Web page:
The Anbernic RG35XX officially dropped today, but the device was still shrouded in mystery until the order page went live. A marketing trick, or a way of delaying disappointment?
The RG300 has always held a fond place in my heart, for me it was the peak of the JZ4760 machines. With the ability to run RetroFW, it had an excellent balance of a mature OS, almost perfect aesthetics and pocketability to boot. The RG35XX is a change of tack for Anbernic, and harks back to that era in 2019 when the RG300 took centre stage.
The Anbernic RG35XX takes almost everything we’ve become used to in modern handhelds, and strips them away. Whilst it does have HDMI output and two SD slots, it also has a paltry 256MB RAM, no analogue sticks, no large high resolution panel, no claims of 6th generation console support, and not even any wireless connectivity. But at $50 it doesn’t need to have any of these things. There is an elegance in its simplicity, at least at face value.
ANBERNIC RG35XX SPECS
But the make or break for the Anbernic RG35XX will be the user experience. Unlike the RG300, there is no mature or well established OS that can be ported over to the RG35XX. The reason for that is Anbernic’s choice of SoC. Under wraps until the order page went live today, the RG35XX is driven by an ancient chip from Actions Semiconductor. The ATM7039S was released back in 2013 and was intended to run Android 4.2.2. A different era entirely.
It’s a quad core Cortex A9 chip running at up to 1.6Ghz, it supports DDR3 RAM and is built on a 28nm Low Power process. Performance wise, it probably sits somewhere between the Sigmastar SSD202D in the Miyoo Mini and the RK3326. Certainly no powerhouse, but a powerhouse chip in a device like this would be a waste. I imagine that the RK35XX is intended as an introductory device, and for that type of handheld this chip suits just fine. It is not the SoC, but the OS and UI that I’m more concerned with.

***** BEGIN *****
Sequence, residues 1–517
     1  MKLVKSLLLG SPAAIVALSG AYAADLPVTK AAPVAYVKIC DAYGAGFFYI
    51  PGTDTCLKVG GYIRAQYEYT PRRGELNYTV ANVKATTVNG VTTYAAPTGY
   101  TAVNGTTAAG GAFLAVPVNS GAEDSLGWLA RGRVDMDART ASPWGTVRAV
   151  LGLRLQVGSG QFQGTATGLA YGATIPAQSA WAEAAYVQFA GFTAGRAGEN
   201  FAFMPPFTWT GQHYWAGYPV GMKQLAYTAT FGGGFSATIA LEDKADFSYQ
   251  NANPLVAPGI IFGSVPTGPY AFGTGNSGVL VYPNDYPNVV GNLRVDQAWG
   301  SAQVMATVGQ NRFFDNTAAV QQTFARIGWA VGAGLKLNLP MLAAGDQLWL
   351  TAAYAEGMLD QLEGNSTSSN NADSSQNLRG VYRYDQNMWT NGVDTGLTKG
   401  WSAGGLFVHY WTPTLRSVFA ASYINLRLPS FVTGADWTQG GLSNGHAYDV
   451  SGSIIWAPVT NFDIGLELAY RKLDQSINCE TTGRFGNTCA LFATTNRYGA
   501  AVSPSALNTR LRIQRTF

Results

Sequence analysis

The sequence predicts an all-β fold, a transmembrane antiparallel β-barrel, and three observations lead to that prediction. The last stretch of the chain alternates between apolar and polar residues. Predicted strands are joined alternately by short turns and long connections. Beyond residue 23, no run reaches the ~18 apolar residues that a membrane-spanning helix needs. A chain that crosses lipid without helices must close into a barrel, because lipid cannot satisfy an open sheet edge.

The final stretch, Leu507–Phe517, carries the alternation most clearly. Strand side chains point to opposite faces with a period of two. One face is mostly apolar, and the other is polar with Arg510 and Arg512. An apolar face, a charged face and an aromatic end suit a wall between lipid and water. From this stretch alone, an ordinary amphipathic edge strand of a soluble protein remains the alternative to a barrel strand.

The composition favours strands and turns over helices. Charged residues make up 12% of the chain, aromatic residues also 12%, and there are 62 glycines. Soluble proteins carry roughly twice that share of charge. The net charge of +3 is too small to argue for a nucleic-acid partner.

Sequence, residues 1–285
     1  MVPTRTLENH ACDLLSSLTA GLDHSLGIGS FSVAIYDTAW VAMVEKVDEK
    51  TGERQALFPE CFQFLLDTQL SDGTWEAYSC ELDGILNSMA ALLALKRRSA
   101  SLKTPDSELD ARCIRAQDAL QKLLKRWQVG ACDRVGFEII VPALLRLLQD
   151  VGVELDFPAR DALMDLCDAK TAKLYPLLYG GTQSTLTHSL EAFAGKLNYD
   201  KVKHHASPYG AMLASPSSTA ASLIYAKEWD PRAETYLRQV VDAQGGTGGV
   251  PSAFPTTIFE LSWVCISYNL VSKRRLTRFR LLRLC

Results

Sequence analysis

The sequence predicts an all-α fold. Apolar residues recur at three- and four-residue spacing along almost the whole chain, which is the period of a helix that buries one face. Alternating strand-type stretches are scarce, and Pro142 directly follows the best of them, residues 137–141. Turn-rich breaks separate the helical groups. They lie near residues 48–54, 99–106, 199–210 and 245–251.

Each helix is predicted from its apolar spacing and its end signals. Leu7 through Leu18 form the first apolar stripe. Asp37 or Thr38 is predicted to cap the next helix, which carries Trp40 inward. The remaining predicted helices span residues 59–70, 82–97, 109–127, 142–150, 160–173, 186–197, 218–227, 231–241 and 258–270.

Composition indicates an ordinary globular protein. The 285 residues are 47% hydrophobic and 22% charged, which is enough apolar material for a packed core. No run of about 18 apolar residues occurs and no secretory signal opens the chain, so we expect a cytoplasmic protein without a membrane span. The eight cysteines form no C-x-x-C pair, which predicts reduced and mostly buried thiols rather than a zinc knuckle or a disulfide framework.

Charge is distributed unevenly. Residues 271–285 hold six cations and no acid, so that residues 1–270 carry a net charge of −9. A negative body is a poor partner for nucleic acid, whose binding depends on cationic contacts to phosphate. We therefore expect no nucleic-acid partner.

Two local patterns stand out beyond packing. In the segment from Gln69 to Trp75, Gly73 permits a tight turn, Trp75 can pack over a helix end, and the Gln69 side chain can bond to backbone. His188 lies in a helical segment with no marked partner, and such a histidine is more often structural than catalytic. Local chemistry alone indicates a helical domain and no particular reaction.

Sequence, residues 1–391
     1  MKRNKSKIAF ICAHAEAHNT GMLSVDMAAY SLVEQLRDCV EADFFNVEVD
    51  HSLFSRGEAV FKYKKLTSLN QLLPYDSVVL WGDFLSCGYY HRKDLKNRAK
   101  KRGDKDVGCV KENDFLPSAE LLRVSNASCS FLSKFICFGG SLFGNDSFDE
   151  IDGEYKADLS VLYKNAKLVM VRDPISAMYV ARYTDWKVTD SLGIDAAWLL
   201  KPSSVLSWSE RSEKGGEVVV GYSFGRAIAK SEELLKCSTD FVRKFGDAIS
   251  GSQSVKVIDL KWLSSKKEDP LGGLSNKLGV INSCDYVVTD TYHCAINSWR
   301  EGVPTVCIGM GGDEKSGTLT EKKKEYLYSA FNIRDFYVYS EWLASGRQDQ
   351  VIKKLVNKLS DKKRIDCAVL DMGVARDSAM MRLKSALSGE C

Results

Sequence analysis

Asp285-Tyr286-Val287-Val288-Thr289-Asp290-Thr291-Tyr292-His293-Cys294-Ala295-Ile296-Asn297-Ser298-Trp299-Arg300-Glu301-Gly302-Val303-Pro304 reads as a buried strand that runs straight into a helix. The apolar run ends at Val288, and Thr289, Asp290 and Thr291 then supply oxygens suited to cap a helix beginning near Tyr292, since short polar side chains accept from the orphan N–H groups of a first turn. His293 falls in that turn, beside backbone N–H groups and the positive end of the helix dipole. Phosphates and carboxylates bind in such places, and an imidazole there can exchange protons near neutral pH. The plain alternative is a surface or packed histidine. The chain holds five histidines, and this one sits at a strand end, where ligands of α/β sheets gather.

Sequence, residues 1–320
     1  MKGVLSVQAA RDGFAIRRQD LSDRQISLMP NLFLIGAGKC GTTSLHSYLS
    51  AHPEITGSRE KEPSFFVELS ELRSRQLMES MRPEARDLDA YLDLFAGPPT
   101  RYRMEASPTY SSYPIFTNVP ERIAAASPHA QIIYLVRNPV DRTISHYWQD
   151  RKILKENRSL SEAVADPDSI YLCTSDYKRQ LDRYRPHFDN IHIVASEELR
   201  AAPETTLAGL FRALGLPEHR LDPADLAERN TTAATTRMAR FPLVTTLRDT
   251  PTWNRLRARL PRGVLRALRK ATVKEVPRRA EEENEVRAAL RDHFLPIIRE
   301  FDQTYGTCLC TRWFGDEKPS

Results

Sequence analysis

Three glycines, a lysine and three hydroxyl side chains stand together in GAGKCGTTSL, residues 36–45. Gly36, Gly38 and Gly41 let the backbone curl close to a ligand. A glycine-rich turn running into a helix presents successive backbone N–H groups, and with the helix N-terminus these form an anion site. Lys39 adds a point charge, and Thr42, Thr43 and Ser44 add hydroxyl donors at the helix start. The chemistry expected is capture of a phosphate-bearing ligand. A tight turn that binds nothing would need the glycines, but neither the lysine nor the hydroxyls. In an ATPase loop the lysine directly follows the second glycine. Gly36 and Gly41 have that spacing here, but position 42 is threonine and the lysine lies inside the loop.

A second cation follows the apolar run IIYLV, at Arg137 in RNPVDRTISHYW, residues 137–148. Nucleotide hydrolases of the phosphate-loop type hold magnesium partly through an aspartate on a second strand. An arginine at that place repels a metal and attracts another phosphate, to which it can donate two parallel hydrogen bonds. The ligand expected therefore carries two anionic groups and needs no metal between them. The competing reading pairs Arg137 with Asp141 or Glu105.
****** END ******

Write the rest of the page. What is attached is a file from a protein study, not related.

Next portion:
ANBERNIC RG35XX OS
According to the internet, the software for this chip is closed source, and neither Actions nor Anbernic are willing to change that. A massive turn off for a lot of people. But bear in mind that the Miyoo Mini is also closed source, and look how far that device has come. According to Wild Lee (an Anbernic affiliate of some sort, maybe PR, or just pals, not sure) there is someone that has been entrusted with the source and is working on a third party OS for it.
I am guessing the stock OS is going to be something we’ve not seen before from Anbernic, but it seems to have the basics included.
Handhelds like this interest me. I am all for pushing performance and the one-upmanship between manufacturers, but handhelds like this remind me of when I first discovered these gadgets. There was an air of mystery about them. Nobody really knew what they were capable of until they’d gotten into the hands of some clever hackers and developers. Obviously times have changed, and these handhelds don’t just appear out of nowhere from a company you’ve never heard of any more. But there is an air of that bygone era with the RG35XX.
The RG35XX was dubbed the Anbernic Mini for a long time, and initially it drew comparisons to the Miyoo Mini. But actually, it is quite a lot larger than the Miyoo Mini, and comparisons based on size are unfounded. But the ethos is similar, and whilst I love the Miyoo Mini, it is a tad small. I hope the RG35XX pulls as much interest as the Miyoo has done. If so it’ll be great to see what revelations are discovered when it falls into the right hands.
The RG35XX is available now for $50 before postage. For us European folks, brace yourselves for the tax. It’s available in a very DMG-esque beige, as well as Atomic Purple (or something like it) and transparent. You can grab it from the Anbernic site, and it’s also available from the official Anbernic store on Aliexpress too.
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